Princess Jellyfish is a cute little series that I honestly think is severely underrated, largely because no one seems to pay it much attention. Of course, with all of the big epics and more avant-garde series around, this one does tend to fall through the cracks, but it’s such a treat and easy to marathon in a single day if you believe in yourself.
Besides being a hilarious slice-of-life comedy, this series artistically strays far from the typical anime look and thus, each woman is not conventionally beautiful in the slightest, emphasis on conventionally.
The fact that they’re all socially awkward and don’t look like supermodels or cute anime girls (with the exception of Kuronosuke in drag) is one of the story’s main points. It portrays the struggle between how you naturally look, how much “work” you’d have to do to become “beautiful,” and how that ultimately intersects with your self-confidence. If this were a typical kind of story where an “ugly” girl learns to totally accept makeup and fashion, I wouldn’t have anything to say about it here.
Women like the ones pictured above hardly appear in anime, much less as central protagonists. Their mere presence normalizes girls who don’t fit into standard notions of attractiveness and their struggles at times hit very personal notes for anyone who has ever struggled with seeing themselves as beautiful. Moreover, I think characters like these can make it normal for us, on a deeper level, to feel comfortable actually expressing the discomfort we feel with our appearances.
I struggled for the longest time with my self-image and though I’m at last at the tail end of my issues, I haven’t totally shaken them for good. As an adolescent/teenager, I struggled a lot with A) believing I was fat and B) viewing that as a bad thing. I hated fashion magazines, makeup, celebrity gossip, and everything else related to that, so my mother would often frustratingly ask me where my problems were coming from, since I apparently wasn’t getting all those negative messages from the usual suspects (but the truth is that these messages are everywhere whether you’re a hardcore anime nerd or a fashion queen). Who at school was telling me I was fat? No one. Who was telling me that I was ugly? No one. Then why did I feel that way? I didn’t know.
There are good intentions in that type of reaction–you’re trying to prevent the other person from spiraling down into a pit of negativity and you want them to understand that whatever they’re starting to believe about themselves isn’t true, but sometimes it can have the opposite effect. It can create an atmosphere where openly expressing that you feel uncomfortable with your body is a sign of weakness, proof that you’ve given into peer pressure and that you should really be smarter than that.
But it’s not that simple. Stating or implying that it’s weak or vapid to be so affected by what others may think of you could end up only bottling a lot of feelings deep inside that will explode in your face sometime shortly after you start college and it’ll keep squirting at you like a ketchup bottle that never empties as you enter your twenties.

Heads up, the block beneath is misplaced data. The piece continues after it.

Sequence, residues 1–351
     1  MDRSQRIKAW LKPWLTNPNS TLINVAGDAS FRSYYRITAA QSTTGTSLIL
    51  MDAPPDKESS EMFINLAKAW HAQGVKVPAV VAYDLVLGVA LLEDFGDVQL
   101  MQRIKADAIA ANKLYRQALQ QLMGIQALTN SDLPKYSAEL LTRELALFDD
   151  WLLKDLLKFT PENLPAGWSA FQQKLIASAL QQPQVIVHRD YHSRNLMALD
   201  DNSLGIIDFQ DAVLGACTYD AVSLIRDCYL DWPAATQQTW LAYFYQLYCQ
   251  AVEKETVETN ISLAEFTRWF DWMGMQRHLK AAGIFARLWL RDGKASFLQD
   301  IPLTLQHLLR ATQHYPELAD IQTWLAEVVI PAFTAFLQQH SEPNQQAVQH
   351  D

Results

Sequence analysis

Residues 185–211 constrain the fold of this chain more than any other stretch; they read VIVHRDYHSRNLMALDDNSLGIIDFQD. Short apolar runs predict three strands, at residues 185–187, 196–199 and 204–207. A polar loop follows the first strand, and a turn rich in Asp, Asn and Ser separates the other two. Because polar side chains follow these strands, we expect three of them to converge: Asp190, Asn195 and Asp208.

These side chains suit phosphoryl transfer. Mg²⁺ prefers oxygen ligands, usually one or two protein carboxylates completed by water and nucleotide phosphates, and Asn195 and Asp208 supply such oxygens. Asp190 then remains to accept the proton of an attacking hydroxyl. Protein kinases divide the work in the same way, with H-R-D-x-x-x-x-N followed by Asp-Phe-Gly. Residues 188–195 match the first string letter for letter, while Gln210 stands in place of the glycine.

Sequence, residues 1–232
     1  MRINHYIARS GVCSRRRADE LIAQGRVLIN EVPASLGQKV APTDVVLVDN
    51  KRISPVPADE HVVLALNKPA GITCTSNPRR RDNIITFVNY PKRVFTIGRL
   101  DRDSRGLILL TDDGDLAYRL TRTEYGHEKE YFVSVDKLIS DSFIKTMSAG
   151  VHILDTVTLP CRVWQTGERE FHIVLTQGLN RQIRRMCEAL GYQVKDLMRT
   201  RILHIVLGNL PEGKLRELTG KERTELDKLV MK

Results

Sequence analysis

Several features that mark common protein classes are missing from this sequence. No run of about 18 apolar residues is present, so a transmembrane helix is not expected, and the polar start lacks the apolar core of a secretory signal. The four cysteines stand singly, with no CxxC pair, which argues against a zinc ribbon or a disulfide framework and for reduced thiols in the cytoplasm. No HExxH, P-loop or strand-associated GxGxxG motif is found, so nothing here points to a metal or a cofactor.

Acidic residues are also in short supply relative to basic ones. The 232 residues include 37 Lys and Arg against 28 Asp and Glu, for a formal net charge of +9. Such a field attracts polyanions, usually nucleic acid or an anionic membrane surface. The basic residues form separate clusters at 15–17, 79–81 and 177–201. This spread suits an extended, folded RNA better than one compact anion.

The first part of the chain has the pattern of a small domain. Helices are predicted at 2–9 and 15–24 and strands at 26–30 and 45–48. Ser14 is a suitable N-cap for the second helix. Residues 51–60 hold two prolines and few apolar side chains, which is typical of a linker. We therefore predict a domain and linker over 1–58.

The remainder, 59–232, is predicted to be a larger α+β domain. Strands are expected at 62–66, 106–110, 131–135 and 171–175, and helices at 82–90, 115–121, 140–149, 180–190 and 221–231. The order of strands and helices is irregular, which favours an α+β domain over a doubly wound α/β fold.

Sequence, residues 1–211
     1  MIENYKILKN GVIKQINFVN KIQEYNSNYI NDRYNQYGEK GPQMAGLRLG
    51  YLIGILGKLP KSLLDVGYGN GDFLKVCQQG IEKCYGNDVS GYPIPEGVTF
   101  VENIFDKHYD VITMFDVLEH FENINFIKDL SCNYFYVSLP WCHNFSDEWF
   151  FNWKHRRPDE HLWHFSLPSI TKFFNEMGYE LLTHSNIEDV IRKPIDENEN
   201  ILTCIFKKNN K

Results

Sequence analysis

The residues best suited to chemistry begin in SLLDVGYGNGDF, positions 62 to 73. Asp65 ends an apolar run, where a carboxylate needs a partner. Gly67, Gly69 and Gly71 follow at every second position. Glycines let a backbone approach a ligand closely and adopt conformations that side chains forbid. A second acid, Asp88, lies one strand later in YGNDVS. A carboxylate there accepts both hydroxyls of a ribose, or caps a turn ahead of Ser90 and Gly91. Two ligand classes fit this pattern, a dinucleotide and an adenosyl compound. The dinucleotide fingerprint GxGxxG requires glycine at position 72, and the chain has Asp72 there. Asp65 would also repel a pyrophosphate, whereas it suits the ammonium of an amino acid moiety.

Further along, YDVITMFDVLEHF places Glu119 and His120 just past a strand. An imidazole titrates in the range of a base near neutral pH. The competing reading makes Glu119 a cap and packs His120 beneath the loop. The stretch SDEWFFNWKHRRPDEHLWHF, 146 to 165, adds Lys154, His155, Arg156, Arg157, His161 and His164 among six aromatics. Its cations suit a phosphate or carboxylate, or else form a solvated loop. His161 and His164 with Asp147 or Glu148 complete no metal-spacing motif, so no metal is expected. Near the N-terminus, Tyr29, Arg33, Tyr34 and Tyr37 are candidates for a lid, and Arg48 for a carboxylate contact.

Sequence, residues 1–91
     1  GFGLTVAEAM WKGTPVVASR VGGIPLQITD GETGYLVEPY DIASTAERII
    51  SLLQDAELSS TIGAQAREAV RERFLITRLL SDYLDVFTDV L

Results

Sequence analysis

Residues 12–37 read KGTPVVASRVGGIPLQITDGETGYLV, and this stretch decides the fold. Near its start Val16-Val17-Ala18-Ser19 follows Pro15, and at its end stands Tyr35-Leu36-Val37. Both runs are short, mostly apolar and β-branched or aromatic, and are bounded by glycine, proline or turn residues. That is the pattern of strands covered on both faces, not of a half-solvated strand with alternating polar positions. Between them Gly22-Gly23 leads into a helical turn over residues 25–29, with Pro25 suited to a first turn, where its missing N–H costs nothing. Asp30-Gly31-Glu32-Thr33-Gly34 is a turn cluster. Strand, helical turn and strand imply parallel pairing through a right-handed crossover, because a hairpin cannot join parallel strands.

Yes, beauty standards are vapid, arbitrary, and socially constructed. They attempt to define people’s worth by how hairless they can be and how brightly their eyes can pop. They consistently snuff out other ways of looking beautiful at the expense of those who don’t fit the mold, which is most women, especially women of color. However, if there’s one thing I’ve learned from therapy it’s that when you vocalize some deep-seeded turmoil within, you can give it a name. Then, you can start to understand it and it’s not some insurmountable, mysterious problem anymore.
That’s the real treasure of Princess Jellyfish. Tsukimi is an “ugly” girl who truly struggles with this throughout the series and she always vocalizes her feelings about her new identity as a “pretty” girl and her more comfortable identity as a not-conventionally attractive Amar. Ultimately, she finds confidence somewhere in the middle.
I think this is vastly different from seeing other anime girls struggle with their weight or attractiveness. Just about every female character in every anime ever is at some point concerned about her weight, her boobs, or her face, but what we the audience see is just another cute anime girl with unrealistic looks/proportions anyway. This doesn’t diminish the experience of conventionally attractive girls who struggle with these issues because that is certainly very real, but it still presents a narrow experience. Tsukimi is cute, but she’s also expressly designed and written as someone who looks more like an average person than most other anime girls.
The story doesn’t end with everyone suddenly changing or feeling totally different about themselves either. That’s partially because the manga continues well beyond the anime, but it’s also because it’s simply a more realistic way of writing this type of story. Feeling comfortable in your own skin is an ongoing challenge that can involve a lot of other parts of a person’s identity. Princess Jellyfish is a series that, in a sense, encourages us to vocalize that struggle and it does that through characters who actually look more like real people.